The apostle Paul said that those who take the bread at the Lord's Supper without recognising the body of the Lord eat unworthily and sickness and death may be a consequence.

 The Church is clear that when it won’t make a scene that scandalises the people, that communion must not be given to people with whom she finds major faults. The scandal of refusing can be avoided by the priest explaining beforehand, "The rights of the Church to believe and decree what it wants must be respected - even an atheist must accept that and respect that. We believe that the Church believes and decrees what God wants. That is why it is to be called the Holy Catholic Apostolic Church. It is not fair for notorious sinners to come to the altar for communion to get the priests and congregation to contradict what they believe and are obligated to believe as Catholics. It is not fair on the God of love who must be put first in all things. And it is not respectful to the Catholic faith. The notorious sinners are taking advantage of the fact that priests who kindly ask them to refrain from communion are afraid to do so. They are taking advantage of the fact the Catholics who have little or no loyalty to God's teaching and commands will praise their behaviour. They take advantage of the loss of the sense of sin that is in the modern world. The notorious sinners encourage others by their example to emulate them. Even murderous dictators think they should get communion. That is what that attitude leads to."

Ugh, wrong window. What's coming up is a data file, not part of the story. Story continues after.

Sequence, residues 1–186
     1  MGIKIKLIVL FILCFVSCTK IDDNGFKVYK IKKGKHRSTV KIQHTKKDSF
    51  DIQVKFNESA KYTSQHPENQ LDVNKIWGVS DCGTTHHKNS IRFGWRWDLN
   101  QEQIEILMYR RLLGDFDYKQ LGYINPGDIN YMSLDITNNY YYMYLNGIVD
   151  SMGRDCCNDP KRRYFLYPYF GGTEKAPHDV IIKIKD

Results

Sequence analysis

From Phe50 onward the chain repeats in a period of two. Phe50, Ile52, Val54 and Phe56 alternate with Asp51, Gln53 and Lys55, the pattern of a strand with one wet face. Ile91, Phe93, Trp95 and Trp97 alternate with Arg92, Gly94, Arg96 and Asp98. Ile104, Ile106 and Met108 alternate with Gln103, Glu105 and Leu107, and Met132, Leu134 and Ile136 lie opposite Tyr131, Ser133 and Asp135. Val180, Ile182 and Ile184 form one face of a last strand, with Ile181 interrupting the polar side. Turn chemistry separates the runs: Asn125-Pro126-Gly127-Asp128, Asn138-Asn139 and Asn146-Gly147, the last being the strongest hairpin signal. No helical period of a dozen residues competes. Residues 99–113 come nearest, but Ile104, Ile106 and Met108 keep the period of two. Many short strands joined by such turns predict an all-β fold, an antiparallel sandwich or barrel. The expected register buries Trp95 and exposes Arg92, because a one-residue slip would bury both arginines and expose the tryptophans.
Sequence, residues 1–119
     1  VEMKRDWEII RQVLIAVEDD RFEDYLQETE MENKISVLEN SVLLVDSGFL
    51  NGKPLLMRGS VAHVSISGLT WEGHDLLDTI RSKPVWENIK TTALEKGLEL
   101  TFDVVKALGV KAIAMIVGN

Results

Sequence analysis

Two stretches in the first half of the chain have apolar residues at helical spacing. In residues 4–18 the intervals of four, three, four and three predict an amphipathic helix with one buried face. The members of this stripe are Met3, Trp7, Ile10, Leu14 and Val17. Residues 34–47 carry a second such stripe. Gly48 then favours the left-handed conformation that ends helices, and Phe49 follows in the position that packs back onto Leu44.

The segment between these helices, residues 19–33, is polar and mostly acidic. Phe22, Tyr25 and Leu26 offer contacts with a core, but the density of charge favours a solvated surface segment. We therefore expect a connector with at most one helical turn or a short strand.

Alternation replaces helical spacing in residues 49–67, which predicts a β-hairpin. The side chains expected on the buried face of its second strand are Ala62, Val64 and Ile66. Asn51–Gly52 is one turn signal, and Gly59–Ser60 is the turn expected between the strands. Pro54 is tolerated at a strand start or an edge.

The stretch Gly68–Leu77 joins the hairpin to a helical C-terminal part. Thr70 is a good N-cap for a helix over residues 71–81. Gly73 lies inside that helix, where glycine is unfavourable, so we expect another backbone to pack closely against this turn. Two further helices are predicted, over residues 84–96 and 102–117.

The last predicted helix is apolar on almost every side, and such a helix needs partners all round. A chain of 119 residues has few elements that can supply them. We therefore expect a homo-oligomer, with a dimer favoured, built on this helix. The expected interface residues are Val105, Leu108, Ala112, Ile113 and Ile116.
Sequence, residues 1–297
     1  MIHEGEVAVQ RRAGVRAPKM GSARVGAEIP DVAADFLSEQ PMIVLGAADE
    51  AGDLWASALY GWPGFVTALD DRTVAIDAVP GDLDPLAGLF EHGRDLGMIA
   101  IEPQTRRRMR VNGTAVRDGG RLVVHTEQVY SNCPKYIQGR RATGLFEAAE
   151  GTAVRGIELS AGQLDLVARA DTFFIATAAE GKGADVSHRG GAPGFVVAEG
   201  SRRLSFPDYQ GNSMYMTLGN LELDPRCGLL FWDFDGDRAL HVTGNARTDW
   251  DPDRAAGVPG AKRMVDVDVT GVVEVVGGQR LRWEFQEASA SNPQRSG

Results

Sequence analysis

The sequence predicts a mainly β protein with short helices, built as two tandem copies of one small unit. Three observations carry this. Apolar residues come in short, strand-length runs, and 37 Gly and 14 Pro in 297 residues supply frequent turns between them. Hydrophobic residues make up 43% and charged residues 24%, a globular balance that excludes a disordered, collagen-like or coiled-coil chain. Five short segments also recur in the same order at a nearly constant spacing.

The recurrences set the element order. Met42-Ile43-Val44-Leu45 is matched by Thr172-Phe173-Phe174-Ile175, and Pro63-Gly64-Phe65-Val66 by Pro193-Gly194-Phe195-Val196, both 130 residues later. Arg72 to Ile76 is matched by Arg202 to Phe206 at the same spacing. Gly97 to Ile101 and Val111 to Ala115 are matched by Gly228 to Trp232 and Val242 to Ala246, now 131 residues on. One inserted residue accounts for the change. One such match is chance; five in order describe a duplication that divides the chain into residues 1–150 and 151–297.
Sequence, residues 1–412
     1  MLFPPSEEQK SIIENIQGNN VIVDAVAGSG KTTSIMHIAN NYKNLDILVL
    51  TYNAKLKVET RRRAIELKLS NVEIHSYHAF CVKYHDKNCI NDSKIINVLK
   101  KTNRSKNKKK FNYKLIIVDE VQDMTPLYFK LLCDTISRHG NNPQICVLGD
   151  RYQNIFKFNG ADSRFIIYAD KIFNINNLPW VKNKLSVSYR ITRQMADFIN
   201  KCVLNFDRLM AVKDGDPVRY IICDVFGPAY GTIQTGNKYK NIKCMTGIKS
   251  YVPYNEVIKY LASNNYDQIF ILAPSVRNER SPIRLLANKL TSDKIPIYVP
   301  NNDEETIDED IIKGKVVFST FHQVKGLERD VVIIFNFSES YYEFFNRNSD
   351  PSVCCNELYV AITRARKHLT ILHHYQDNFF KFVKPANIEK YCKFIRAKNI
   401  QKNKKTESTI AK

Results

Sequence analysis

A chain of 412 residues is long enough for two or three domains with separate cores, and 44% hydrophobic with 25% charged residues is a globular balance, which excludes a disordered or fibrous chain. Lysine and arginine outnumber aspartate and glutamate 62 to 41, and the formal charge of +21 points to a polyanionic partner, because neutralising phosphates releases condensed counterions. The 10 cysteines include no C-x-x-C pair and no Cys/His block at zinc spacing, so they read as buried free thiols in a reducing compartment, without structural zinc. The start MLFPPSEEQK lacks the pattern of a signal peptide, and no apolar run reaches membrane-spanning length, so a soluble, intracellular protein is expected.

According to Catholic and Christian doctrine: “To consume Holy Communion in a state of grave sin is a sacrilege and another grave sin. It is receiving Jesus into a pit of abominations.” Hence, if a priest knows that a person is a grave sinner and gives them communion he is desecrating the body of Jesus. He is being a partner in the crime of sacrilege.
Many Catholics think that somebody living a lifestyle forbidden by the Christian faith - eg an abortionist or a person living in sin with another - may not understand the wrongness of what they do and thus are not really serious sinners. They do grave evil but in their hearts they don't mean to be very bad.
So the person could be given communion on the basis that they might not intend to be grave sinners. The priest could assume that for he has no way of knowing if they mean to do great evil.
Some Catholics argue that though the priest does not know all the circumstances and judges nobody, there is a probability that, say, a cohabiting homosexual, is in a state of grave sin which means he can’t give communion just in case. 
So you cannot judge for sure the heart of somebody who comes for communion. They might have been heartily anti-god five minutes before but it could be different now. So is it wiser to assume that they have changed or that they are seriously opposed to God and will pay for it in Hell forever if they die. No. Worse happens if you accept them as forgiven and you are wrong. It being complicit in their rebellion. And accepting a person in case they are holy is not accepting them at all. How people who live in a state of rebellion to the Church can happily go and seek and embrace this conditional and pretended acceptance is mind-boggling.